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Discussion Starter · #1 · (Edited)
"Waterlinie"fFortress towns

The Dutch Water Line was a series of water based defences conceived by Maurice of Nassau and realised by his half brother Fredrick Henry.

Early in the Eighty Years' War of Independence against Spain the Dutch had realised that flooding low lying areas formed an excellent defence against enemy troops, as was demonstrated, for example, during the siege of Leiden, 1574. In the latter half of the war when the economic heartland of the Dutch Republic (i.e. the province of Holland) had been freed of Spanish troops. Maurice of Orange Nassau planned to protect it with a line of flooded land protected by fortresses that ran from the Zuiderzee (present IJsselmeer) down to the river Waal.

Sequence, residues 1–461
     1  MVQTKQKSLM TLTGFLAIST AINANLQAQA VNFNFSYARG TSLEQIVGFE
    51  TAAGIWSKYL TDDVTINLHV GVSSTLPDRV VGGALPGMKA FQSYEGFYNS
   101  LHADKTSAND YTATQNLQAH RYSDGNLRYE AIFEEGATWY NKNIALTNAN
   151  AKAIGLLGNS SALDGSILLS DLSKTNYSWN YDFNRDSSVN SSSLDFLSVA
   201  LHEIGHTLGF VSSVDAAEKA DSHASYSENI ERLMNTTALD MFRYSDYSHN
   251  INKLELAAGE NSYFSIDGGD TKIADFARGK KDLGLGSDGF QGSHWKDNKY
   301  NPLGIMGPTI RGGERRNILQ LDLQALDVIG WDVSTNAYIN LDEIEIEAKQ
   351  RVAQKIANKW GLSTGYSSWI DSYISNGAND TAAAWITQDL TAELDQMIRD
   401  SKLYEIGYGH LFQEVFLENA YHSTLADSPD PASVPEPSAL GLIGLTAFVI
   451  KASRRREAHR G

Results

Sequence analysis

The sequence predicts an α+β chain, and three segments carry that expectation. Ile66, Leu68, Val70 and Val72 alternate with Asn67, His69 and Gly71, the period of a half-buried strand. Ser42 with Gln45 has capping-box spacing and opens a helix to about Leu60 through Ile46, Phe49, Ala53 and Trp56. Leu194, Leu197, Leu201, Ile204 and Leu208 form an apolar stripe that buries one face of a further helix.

In 1629 prince Fredrick Henry of Orange Nassau started the execution of the plan. Sluices were constructed in dikes and forts and fortified towns were created at strategic points along the line with guns covering especially the dikes that traversed the water line. The water level in the flooded areas was carefully maintained to a level deep enough to make an advance on foot precarious and shallow enough to rule out effective use of boats (other than the flat bottomed gun barges used by the Dutch defenders). Under the water level additional obstacles like ditches, trous de loup and later barbed wire and mines were hidden. The trees lining the dikes that formed the only roads through the line, could be turned into abatis in time of war. In wintertime the water level could be manipulated to weaken ice covering, while the ice itself could be used when broken up, to form further obstacles that would expose advancing troops longer to fire from the defenders.